0

February 22, 2016 AT 9:00 am

Alexander Graham Bell’s Kite Designs are Geometrical Wonders

Kites 9

Mashable puts the spotlight on Alexander Graham Bell’s little known yet magnificent kite designs.

In 1899, Alexander Graham Bell, famous for inventing the telephone, began experimenting with kites in search of insights into the possibility of powered flight.

Inspired by the box kite designs of Australian Laurence Hargrave, Bell began multiplying the lift-providing cells, creating compound structures of multiple kites.

The basic problem of creating flying objects is that as a body’s surface area is squared, its weight is cubed, limiting the maximum size and lifting capability.

Over the course of years experimenting at his Nova Scotia laboratory, Bell discovered that a tetrahedron — a three-dimensional prism of four triangular sides — could be useful.

Read more.


Check out all the Circuit Playground Episodes! Our new kid’s show and subscribe!

Have an amazing project to share? Join the SHOW-AND-TELL every Wednesday night at 7:30pm ET on Google+ Hangouts.

Join us every Wednesday night at 8pm ET for Ask an Engineer!

Learn resistor values with Mho’s Resistance or get the best electronics calculator for engineers “Circuit Playground”Adafruit’s Apps!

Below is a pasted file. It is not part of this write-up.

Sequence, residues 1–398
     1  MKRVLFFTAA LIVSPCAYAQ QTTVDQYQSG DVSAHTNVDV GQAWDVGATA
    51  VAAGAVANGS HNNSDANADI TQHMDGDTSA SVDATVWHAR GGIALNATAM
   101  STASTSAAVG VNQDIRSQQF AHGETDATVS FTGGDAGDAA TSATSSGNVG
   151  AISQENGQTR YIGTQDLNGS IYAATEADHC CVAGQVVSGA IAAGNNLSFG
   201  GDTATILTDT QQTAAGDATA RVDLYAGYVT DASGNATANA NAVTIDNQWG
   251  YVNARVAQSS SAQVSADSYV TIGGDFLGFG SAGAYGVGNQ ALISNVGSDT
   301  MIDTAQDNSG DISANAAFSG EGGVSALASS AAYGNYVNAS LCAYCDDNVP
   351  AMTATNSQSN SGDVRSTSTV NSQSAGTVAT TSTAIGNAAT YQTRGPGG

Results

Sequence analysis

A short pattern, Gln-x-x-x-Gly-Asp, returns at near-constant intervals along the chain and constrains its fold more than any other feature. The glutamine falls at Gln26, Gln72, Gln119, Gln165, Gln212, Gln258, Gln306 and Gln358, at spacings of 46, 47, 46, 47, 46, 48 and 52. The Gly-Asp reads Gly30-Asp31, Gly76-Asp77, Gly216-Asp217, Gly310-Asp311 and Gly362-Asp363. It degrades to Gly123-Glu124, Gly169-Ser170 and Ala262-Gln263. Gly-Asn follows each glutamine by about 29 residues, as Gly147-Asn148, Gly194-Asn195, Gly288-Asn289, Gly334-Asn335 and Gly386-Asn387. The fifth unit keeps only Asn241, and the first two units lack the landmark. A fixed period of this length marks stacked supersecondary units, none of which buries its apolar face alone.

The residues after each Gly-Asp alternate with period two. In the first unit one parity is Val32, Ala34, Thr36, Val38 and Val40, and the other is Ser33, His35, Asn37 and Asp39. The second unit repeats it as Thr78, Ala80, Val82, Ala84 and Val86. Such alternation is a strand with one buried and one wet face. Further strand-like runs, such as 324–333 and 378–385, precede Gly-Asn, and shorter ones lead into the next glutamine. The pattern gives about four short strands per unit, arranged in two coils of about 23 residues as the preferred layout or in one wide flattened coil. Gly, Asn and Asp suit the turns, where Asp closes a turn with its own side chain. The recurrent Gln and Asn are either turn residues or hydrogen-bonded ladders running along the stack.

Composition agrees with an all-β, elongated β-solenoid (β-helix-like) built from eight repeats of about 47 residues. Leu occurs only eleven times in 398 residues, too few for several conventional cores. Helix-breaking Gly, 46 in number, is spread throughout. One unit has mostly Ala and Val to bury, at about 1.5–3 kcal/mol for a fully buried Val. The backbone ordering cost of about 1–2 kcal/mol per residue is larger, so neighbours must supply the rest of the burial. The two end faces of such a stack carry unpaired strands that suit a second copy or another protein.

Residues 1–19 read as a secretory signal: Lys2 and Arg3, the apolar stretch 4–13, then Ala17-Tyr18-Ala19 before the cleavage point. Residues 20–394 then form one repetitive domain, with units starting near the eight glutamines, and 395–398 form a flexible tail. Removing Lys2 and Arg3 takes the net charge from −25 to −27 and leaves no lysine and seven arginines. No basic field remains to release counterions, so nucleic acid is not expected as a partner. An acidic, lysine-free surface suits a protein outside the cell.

Maker Business — Adafruit interviews Dan Rasure, Managing Partner TechShop 2.0

Wearables — Simulate tattoos

Electronics — Heatsinks aren’t enough!

Biohacking — Getting More from Home DNA Testing

Get the only spam-free daily newsletter about wearables, running a "maker business", electronic tips and more! Subscribe at AdafruitDaily.com !



1 Comment

  1. I urge all makers and hackers to visit the Alexander Graham Bell museum, in Baddeck, Nova Scotia.

    First, Baddeck and Nova Scotia is just beautiful and the Canadian dollar is low. 😉

    Second, they have Bell artifacts there direct from the Bell estate just down the road. On the White Glove tour, we got to actually touch some of these models and see a little bit into Bell’s mind.

    Bell is under-rated as a scientist and engineer, and that’s saying something. He was far more prolific than one might think. He helped pioneer data transmission via light. Yes! That long ago!

    Go check it out. Seriously.

Sorry, the comment form is closed at this time.